The article he is responding to is by Gary North, a person Voorhees feels should know better. If you’re wondering why Erik would bother to respond to such an uneducated position, it’s because “Bitcoin is ultimately a battle of ideas.” And, clearly, the idea that Bitcoin is a ponzi scheme cannot stand unchallenged if this is the case.
Unlike other things that it can be compared to, Bitcoin public relations suffer due to outside and uncontrollable factors. The price of Bitcoin is manipulated by those who either control a great deal of it from early adoption or who control a great deal of it through having enough fiat to buy such. The whole image of Bitcoin suffers when less-integrated people see volatility in the fiat valuation of Bitcoin. Voorhees addresses this early in his piece:
To be sure, the US dollar is far more stable as a form of money than Bitcoin. That’s a great feature. But, Mr. North forgets the other features of Bitcoin. Take the most important: that one can transfer any amount of it anywhere instantly without anyone else being able to stop it, at almost zero cost. Is the economic utility of such a feature so hard to grasp? […] [now, speaking directly to Gary North] You are at the behest and mercy of others when it comes to your money, but it seems you’re so accustomed to this serfdom that a liberating technology like Bitcoin comes along and you squint from behind your Stockholm-syndrome shackles and yell, “Ponzi Scheme because volatility!”
A commonly held belief is that even if Bitcoin fails as a currency – that no one has truly defined what a “failure” would mean anyway – there is value in the Blockchain, and that aspect of it isn’t going anywhere. An open ledger for all to scrutinize is so radically different from the centuries-old methods traditional systems use that if it isn’t the future of transactions, it’s what they’ll be based on. Voorhees effectively points out the way that Gary North ignores the technology underpinning Bitcoin:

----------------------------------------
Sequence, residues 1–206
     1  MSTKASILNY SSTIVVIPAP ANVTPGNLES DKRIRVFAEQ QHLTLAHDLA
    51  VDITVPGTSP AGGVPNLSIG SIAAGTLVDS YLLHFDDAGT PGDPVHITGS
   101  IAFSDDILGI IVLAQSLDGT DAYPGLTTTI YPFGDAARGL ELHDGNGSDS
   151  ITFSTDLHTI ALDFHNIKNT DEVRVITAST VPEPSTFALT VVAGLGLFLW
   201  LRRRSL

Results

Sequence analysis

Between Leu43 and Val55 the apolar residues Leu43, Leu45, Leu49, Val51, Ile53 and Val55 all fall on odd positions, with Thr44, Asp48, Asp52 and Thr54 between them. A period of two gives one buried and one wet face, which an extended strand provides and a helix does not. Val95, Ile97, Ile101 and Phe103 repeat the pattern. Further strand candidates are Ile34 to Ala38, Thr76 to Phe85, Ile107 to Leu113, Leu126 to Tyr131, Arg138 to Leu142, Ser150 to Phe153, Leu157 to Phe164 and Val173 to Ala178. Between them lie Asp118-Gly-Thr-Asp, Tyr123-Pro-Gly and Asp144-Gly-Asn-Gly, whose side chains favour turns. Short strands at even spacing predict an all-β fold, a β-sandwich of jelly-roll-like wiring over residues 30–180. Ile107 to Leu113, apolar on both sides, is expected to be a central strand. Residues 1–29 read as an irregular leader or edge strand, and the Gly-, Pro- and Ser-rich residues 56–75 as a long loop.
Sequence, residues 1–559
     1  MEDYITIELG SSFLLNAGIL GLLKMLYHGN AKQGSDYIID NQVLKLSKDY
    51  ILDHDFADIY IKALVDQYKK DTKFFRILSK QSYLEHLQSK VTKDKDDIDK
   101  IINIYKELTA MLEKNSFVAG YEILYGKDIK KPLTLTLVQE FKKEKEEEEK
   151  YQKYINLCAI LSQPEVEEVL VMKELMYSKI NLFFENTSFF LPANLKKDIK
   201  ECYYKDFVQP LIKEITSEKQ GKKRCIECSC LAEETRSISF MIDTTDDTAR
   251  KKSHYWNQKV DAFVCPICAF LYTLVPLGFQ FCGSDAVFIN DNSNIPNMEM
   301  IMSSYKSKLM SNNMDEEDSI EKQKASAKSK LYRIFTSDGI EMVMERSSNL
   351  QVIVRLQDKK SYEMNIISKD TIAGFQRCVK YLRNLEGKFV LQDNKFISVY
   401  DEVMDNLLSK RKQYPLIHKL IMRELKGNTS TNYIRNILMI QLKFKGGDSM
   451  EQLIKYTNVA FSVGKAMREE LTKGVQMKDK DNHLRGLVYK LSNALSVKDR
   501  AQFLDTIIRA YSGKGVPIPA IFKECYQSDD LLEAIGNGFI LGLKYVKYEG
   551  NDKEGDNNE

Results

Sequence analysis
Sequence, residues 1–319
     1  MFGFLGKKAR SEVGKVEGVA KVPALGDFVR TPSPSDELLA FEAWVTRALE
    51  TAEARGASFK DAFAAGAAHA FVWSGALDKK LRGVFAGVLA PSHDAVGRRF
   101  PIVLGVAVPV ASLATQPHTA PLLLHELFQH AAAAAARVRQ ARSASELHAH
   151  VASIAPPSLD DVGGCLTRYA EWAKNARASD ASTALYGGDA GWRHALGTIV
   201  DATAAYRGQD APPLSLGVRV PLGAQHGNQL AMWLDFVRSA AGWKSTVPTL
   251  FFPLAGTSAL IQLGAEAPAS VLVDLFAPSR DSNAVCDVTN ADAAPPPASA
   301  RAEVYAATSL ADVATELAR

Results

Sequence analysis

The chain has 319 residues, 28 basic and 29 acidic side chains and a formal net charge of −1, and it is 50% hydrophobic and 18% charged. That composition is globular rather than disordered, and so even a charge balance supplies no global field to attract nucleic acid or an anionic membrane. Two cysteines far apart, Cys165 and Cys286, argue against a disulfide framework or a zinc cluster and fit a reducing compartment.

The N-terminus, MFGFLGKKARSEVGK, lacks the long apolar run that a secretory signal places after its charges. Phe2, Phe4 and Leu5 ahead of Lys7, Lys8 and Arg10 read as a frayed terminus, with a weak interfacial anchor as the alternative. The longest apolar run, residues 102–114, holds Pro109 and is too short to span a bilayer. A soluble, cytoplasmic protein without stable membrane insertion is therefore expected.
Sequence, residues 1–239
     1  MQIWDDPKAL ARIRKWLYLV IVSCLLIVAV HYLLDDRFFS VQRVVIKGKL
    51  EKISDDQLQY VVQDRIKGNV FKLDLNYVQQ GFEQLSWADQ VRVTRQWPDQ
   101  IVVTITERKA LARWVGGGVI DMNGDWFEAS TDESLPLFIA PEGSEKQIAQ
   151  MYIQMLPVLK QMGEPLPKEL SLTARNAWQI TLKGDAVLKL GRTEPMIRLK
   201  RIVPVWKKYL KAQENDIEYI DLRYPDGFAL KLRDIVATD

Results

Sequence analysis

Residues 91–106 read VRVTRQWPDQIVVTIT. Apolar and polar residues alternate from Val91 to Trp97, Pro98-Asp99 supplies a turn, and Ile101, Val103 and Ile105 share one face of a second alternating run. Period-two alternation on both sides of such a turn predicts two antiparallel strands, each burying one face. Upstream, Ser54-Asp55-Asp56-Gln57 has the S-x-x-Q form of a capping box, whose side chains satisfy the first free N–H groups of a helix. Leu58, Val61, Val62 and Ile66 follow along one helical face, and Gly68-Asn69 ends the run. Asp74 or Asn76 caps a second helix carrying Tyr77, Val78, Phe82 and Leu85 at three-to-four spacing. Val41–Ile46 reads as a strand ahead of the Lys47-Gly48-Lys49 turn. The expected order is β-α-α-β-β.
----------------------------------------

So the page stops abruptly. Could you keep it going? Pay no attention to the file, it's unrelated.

By only looking at Bitcoin as a form of “money,” Mr. North can point to its volatility (which is clearly high) and claim that because it’s volatile, it’s not money. And because it’s not money, it doesn’t fulfill it’s initial promise, and thus was a ponzi scheme all along. This is a fallacious line of reasoning, and sadly leads Gary and many other critics to discredit one of the most important and potent inventions of all time.
Voorhees makes another good point in his piece, a seemingly obvious one which is often lost when the word Ponzi starts getting bandied about. This point is that Satoshi Nakamoto, the cryptographer and computer scientist behind the Bitcoin protocol, never apparently made much, if anything, from his Bitcoin horde. The coins from the genesis block have never moved, in fact, and without speculating too much, the reason Nakamoto left was not that he was afraid of being caught for operating a Ponzi scheme but rather that he was moving onto something else or he had become more comfortable using his real name in whatever capacity he was working in the community. Whatever the case, calling Bitcoin a Ponzi scheme implicates Satoshi as a scammer, yet for the first two years of the coin’s existence, it held no real fiat value at all.
Mr. North so quickly veers into the sticky realm of misunderstanding. Ignoring Bitcoin’s formative beginnings as an academic white paper turned open-source software project (is that really a feasible genesis of a Ponzi scheme?), by the time the coins actually started selling on the open market, their value justification wasn’t that “they will be the money of the future.” Rather, Bitcoin carried a much more humble claim from its creator: that a decentralized ledger could be built, and that such a tool might have application to the world of money.
While much of the mainstream has come to accept Bitcoin as a reality and concrete part of the future, no matter what the fiat ticker says a particular week, it seems, Gary North has taken a moment to regress and try to convince us, once again, of how foolish we all are. Erik Voorhees should be commended for taking the time to clarify things, and North should find something better to do than raise false red flags regarding technology that he barely understands in the first place.
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